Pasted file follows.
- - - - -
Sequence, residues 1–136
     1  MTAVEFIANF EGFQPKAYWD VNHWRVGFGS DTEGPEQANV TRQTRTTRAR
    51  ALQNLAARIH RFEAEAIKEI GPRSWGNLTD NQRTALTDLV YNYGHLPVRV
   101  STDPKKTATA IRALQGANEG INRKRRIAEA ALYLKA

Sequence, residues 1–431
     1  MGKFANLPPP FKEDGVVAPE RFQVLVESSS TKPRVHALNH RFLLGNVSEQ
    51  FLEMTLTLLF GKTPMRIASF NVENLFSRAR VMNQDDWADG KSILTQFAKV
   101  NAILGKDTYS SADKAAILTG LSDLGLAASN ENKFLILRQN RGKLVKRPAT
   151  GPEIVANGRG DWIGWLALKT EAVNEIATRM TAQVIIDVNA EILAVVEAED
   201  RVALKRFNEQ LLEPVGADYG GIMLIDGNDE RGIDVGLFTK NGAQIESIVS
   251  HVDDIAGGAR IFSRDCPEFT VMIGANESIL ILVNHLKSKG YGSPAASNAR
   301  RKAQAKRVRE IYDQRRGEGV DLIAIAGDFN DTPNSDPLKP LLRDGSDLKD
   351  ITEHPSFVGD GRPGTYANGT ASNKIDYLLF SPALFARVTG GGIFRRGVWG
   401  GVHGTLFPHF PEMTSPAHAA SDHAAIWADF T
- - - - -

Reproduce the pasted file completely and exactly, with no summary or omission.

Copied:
Sequence, residues 1–136
     1  MTAVEFIANF EGFQPKAYWD VNHWRVGFGS DTEGPEQANV TRQTRTTRAR
    51  ALQNLAARIH RFEAEAIKEI GPRSWGNLTD NQRTALTDLV YNYGHLPVRV
   101  STDPKKTATA IRALQGANEG INRKRRIAEA ALYLKA

Sequence, residues 1–431
     1  MGKFANLPPP FKEDGVVAPE RFQVLVESSS TKPRVHALNH RFLLGNVSEQ
    51  FLEMTLTLLF GKTPMRIASF NVENLFSRAR VMNQDDWADG KSILTQFAKV
   101  NAILGKDTYS SADKAAILTG LSDLGLAASN ENKFLILRQN RGKLVKRPAT
   151  GPEIVANGRG DWIGWLALKT EAVNEIATRM TAQVIIDVNA EILAVVEAED
   201  RVALKRFNEQ LLEPVGADYG GIMLIDGNDE RGIDVGLFTK NGAQIESIVS
   251  HVDDIAGGAR IFSRDCPEFT VMIGANESIL ILVNHLKSKG YGSPAASNAR
   301  RKAQAKRVRE IYDQRRGEGV DLIAIAGDFN DTPNSDPLKP LLRDGSDLKD
   351  ITEHPSFVGD GRPGTYANGT ASNKIDYLLF SPALFARVTG GGIFRRGVWG
   401  GVHGTLFPHF PEMTSPAHAA SDHAAIWADF T